Berman returned after intermission with and violinist Jordan Hadrill for violin Sonata No. 1. Hadrill leaned into the bite and intensity of the violin part throughout, as she expressed the diversity of styles in the first movement especially. Like Szokolay, Hardill dug in weightily and throatily croaking out “The Old Oaken Bucket” and “Tramp! Tramp! Tramp!” while Berman skillfully accompanied. Out of all the sonatas, this one made the most extensive use of the violin, frequently adding in double stops and pizzicatos where many of the others exploited the expressive possibilities with less elan. Though Hadrill appeared to be working hard, her interpretation came across as effortless. Easily the best moment of the sonata came in the statement of “Watchman!” in the third movement. Berman gave his part with appropriate weight while Hadrill crooned the melody, a (much better) alteration of a hymn that could later come to be its own art song in Ives famous 114 Songs and the thesis of his immortal Symphony No. 4.
Ives Society member Daniel Stepner took over violin duties, with pianist Benjamin Rossen [whose opera The Unknowable debuts this weekend HERE] for the last two selections of the evening, Sonata No. 4 “Children’s Day at the Camp Meeting” and the lone movement from Sonata No. 5 “New England Holidays.” Stepner recorded all the violin sonatas in the past, which means that, in this reviewer’s opinion, there would be no one more qualified to finish the evening, especially with the sonatas that require the most thorough understanding of Ives and programmatic music. Sonata No. 4 tells of different moments during the Children’s Day at New England Revivalist Camp Meetings, allowing children to roam around, learn about Protestant Christianity, play games, and sing songs to their hearts’ content. Stepner leaned into the playful and cheeky qualities of the music, letting himself become the patter of boys’ footsteps marching around and the somewhat messy but joyful singing of hymns like “Yes, Jesus Loves Me!” and “Shall We Gather at the River?” Rossen unabashedly emphasized the wide-reaching harmonies, especially in the second movement as he played the character of nature, the forest, and the stream where the boys skipped some stones; that willingness to become a character rather than merely play exponentially helped in the “Allegro con slugarocko” passage, where Rossen pounded the keys without letting himself become a clattering noise. In the hands of players who knew what and how, Sonata No. 4 easily conveyed the most joy and personality of the bunch.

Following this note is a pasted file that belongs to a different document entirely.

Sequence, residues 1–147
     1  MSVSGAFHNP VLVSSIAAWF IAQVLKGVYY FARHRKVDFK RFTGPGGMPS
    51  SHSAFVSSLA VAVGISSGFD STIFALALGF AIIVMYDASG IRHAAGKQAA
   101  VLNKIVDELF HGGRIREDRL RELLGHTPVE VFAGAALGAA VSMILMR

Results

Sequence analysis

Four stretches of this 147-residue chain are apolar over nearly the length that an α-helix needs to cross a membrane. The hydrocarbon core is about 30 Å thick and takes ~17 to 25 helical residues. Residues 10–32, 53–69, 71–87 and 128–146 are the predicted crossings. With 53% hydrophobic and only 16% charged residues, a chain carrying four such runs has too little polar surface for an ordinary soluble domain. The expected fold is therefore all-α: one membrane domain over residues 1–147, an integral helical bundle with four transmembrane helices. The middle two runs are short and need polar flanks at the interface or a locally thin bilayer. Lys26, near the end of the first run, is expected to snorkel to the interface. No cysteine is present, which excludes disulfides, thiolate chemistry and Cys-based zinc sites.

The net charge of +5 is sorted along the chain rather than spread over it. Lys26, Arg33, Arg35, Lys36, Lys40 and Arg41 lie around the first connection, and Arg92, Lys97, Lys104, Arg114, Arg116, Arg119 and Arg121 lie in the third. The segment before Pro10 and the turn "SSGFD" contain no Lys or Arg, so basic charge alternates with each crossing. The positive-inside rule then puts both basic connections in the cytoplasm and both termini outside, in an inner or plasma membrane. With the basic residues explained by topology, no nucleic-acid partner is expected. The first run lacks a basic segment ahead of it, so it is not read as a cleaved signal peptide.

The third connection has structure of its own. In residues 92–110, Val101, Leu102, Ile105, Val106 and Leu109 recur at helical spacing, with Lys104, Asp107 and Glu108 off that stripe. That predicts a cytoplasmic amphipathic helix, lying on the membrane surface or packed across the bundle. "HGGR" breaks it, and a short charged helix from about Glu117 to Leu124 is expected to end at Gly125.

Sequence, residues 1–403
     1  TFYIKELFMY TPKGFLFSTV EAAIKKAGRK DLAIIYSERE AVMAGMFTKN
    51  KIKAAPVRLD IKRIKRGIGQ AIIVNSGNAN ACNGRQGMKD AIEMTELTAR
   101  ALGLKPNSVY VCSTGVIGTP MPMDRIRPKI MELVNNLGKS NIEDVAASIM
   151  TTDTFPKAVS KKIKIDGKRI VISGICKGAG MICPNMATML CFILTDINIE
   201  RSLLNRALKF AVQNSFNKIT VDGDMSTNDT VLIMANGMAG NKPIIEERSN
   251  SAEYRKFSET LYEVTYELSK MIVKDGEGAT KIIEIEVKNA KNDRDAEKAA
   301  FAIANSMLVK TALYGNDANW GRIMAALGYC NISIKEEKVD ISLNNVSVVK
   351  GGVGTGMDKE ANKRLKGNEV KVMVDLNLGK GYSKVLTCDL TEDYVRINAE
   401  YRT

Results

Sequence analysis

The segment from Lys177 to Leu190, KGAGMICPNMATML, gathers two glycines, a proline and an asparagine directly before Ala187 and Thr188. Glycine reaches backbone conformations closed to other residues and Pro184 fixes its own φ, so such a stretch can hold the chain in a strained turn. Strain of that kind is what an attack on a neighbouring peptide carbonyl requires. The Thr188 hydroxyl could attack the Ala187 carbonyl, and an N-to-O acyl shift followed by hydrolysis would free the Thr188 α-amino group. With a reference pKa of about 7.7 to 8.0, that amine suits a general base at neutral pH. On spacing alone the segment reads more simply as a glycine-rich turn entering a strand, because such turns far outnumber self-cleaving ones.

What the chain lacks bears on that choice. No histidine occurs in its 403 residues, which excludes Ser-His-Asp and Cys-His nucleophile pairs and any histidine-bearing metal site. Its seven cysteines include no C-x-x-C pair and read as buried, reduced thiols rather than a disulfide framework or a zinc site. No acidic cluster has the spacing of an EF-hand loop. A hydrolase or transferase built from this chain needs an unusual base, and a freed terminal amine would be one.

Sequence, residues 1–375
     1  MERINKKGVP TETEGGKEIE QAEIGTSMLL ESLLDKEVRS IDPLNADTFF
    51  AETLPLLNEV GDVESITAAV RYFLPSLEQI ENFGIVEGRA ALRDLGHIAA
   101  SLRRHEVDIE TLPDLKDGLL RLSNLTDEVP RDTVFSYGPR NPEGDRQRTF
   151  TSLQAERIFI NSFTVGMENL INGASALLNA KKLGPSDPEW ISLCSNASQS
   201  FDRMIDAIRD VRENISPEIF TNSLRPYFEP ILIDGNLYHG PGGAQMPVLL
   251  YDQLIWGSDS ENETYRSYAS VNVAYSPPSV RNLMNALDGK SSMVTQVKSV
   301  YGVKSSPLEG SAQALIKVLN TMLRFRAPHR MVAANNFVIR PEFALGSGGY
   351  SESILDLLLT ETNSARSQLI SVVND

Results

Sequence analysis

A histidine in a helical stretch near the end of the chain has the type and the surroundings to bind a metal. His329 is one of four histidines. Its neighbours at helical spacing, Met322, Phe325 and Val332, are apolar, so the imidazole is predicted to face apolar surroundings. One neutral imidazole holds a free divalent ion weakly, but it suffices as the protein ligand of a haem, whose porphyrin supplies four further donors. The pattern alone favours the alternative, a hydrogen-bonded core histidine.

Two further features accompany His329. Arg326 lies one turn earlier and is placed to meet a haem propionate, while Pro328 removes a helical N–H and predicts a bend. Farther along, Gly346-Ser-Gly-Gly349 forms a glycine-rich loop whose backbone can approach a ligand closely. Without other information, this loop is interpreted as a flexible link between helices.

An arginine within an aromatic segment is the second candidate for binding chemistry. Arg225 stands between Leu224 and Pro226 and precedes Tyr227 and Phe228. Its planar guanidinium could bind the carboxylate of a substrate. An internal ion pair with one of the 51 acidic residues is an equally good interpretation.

Despite the effective advocacy of Stepner and Rossen, the extant movement of Sonata No. 5, shows why Ives abandoned the concept in favor of the orchestral version we have come to know and love. The piano and violin by themselves, lack the character and depth of color that the orchestra bestowed upon the material, though moments did shine brightly. Rossen roiled the low register of the piano to create the murmuring of the crowd dressing the graves of the fallen, imitating what would become an incomprehensible rumble from the ether in the orchestra, and Stepner admirably echoed “Taps” across the hall with the violin (still needs that trumpet to sell it!). Although a shadow of the movement that would later cause Stravinsky to stop composing until he reduced the entire piece to piano and figured out every aspect of how it was composed, the movement did at least nicely round out the evening, representing everything but the elusive “Pre-Sonata” Ives cast out of his catalogue.
Each sonata brought forth a different problem and character with which each duet partner could engage, and thus the audience got a breadth of style and personality so rare in this rep. We need to keep this up. Ives would smile; Rollo would frown; that’s the best way this reviewer can imagine things.
More Ives is coming at NEC: Piano music on Feb. 27th and March 27th at 7:30 p.m. in Jordan Hall.